People think its about “killing off disks” that’s not what the “intention is” but rather the “result of” moving forward. Its not like disks will vanish over night. It is a gradual process that has essentially begun years ago. Those that can’t recognize that have had their head in the sand for quite some time now. Digital isn’t tomorrow, its now. Music sales prove it, video rentals prove it, book sales are proving it but video games is somehow exempt from it? I don’t think so. No, I take that back. I know its not. I said this before and I’ll say it again. Many didn’t like MS plan cause they didn’t understand it and they felt that something was being “pushed” past them. This time MS and Sony will “slide” it past you.

    #55 11 months ago
  56. pcbros

    After reading this article, I fail to see how Microsoft is blaiming gamers.

    They merely said that some people didn’t fully understand what they were trying to do. In other words, they didn’t share the same vision. I don’t see the arrogance.

    Btw, they just aired the first XB1 commercial during the NFL pre-game show. Quite nice I must say.

    #56 11 months ago
  57. sebastien rivas

    @56
    true, true, I apologize after re-reading the article. I understand he merely stated an obvious emtional reaction and not targetting players.

    Going to edit my own post,
    Thanks a bunch!

    #57 11 months ago
  58. bobnice

    Oh and the 15 – 30 gb install was not a problem. Because the xbox one had a 500gb storage and it also had unlimited storage with the cloud, and games could also be stored in the cloud.

    #58 11 months ago
  59. pcbros

    @57 – No problem ;)

    #59 11 months ago
  60. Tormenter

    STOP PRESS.

    MS customers say they are surprised at Penillo’s surprise over Xbox One always-online ‘blacklash’.

    Albert Penello, has said if he were to go back and “redo one thing” pertaining to the Xbox One reveal, it would have been not to introduce the “always online” functionality to consumers so early in the current market…. IN OTHER WORDS HE WOULD HAVE HID THIS FACT FROM THE CUSTOMERS.. Yeah, that’s what’s called a DICK MOVE, mate.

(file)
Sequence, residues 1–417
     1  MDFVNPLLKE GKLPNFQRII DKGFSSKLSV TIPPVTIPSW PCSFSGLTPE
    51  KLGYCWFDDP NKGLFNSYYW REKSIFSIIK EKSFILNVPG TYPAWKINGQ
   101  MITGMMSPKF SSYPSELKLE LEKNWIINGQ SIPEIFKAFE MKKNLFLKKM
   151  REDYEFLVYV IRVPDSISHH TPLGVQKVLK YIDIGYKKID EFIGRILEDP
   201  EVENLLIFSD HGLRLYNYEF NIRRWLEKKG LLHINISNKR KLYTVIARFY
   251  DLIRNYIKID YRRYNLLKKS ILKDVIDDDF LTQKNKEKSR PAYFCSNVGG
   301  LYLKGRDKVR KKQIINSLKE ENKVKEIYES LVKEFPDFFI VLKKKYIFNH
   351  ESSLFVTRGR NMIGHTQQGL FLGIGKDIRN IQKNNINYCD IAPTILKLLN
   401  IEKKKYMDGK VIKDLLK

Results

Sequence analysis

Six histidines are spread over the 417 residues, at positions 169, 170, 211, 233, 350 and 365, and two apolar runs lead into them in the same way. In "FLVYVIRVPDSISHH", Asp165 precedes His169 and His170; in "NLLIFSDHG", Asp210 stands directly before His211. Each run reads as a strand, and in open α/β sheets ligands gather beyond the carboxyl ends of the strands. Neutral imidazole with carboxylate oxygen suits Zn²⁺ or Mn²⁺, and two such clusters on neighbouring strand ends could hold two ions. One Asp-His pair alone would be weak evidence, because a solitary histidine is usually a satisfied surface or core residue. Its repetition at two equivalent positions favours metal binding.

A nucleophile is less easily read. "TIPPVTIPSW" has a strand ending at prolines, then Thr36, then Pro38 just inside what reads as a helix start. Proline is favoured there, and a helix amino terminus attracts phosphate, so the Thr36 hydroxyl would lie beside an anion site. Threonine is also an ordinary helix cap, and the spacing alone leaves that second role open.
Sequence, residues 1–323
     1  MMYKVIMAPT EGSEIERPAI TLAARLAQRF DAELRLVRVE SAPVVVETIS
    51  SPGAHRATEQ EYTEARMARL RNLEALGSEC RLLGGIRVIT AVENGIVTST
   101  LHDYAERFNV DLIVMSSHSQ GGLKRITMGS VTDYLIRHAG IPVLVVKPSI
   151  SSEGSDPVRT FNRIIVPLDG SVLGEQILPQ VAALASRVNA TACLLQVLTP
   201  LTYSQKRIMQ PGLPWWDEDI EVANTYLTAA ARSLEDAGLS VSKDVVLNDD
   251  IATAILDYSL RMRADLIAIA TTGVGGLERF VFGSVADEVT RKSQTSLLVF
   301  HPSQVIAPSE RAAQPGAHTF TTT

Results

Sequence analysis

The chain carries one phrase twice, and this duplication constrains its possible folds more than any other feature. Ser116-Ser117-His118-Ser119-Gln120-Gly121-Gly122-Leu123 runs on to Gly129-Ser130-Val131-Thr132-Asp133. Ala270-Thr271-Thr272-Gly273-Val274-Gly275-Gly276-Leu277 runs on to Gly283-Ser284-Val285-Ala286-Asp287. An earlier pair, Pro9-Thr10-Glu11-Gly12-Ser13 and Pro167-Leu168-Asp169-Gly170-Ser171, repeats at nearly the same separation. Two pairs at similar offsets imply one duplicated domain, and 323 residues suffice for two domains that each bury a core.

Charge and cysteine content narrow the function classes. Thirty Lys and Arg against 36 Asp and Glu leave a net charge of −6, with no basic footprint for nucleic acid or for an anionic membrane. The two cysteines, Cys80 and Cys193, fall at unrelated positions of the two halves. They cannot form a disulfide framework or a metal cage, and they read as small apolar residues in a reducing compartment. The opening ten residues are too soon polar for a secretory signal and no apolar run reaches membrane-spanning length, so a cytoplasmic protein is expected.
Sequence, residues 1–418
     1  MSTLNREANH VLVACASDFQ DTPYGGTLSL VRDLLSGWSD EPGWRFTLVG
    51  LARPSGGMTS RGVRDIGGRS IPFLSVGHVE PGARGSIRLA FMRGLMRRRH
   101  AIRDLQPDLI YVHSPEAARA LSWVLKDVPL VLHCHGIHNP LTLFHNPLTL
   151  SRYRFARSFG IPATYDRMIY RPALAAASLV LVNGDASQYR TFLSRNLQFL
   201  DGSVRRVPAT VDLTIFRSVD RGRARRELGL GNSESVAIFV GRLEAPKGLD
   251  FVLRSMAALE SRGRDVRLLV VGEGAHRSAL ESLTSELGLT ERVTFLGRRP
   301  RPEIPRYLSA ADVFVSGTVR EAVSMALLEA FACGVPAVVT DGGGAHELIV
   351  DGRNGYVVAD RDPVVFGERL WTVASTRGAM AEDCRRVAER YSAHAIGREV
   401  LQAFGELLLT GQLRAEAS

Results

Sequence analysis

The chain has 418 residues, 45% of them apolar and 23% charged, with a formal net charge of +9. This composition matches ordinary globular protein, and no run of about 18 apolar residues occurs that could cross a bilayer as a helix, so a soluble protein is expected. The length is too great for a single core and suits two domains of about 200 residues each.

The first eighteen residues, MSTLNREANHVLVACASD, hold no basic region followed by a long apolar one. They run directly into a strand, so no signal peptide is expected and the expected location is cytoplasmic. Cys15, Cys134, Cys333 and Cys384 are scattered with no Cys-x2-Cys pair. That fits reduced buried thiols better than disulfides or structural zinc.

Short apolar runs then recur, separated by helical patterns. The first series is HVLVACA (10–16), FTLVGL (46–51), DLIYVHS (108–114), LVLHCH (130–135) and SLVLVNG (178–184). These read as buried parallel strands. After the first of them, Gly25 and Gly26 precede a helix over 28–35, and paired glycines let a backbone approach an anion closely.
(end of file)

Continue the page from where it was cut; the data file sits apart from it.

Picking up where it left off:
#60 11 months ago
  61. battletrax

    @51 – That sucks that you have a monthly bandwith cap. Is there no other ISP near you? I live in Texas and I have Time Warner Cable. So far they made no mention of adding a bandwith cap in the future.

    #61 11 months ago
  62. Phoenixblight

    @61

    Yes they have multiple times in fact but the politicians have blocked them every time.

    http://news.cnet.com/8301-13506_3-57387445-17/time-warner-cable-tries-to-cap-broadband-data-usage-again/

    #62 11 months ago
  63. redwood

    don’t worry guys.. 3 years from now, 80% of the marekt will be held by games that are Mp only :) . than you wont have any option to
    stay always-online :P

    #63 11 months ago
  64. Metroid455

    @55 Then what does that make me? I have a MASSIVE CD collection that’s still growing and and a large bookshelf meant for a small library with all my games, including the soundtracks, art books and all the other goodies that a digital experience can’t hope to match and im PROUD of this collection, granted here in Japan is one of the few places on earth where the CD is still very popular.

    There’s no way in hell im giving this up for digital-only. to compliment physical im fine with but not to replace. The day we go digital only for games is the day I get off the train and just replay what I currently own..

    I know im sounding like an old fossil im not I promise( im only 25 lol) I love technology im just not big on this side of it, I guess that makes me outdated after all (^-^)

    #64 11 months ago
  65. Vice

    Not early, not late, nor ever.

    #65 11 months ago
  66. NeutralBlade

    In my opinion, the introduction of 4k resolution devices, seem to alter the reality of “all digital” consoles in 8 – 10 years. M&S’ consoles are not going to release at anything less than 4k, and 4k games are going to be considerably bigger than the games that will be released in this upcoming gen.

    Sony plans to release a 300GB Blu-ray disk to support next-gen disc players, while the consumers’ ISP bandwidth limits are not going to change much to support the considerably higher download requirements for said 4k games and movies. So the question then becomes, “Who’s going to pay for all that bandwidth?”

    If corps like Microsoft use the excuse that games are too big now, so everything goes and stays in the cloud, then the entire market then becomes a rental service at full purchase-price rates. And if everything is in the cloud, standard games will then have considerably shorter lifespans, because who’s going to pay for all the server upkeep costs to host these games?

    Digital sales for music make sense, because the file sizes are small. But as technology advances for games and movies, it’s going to be costly for both the consumer and corporations, to maintain that “all digital” payload. All digital for such formats only make sense as long as the file requirements don’t change much from what they currently are.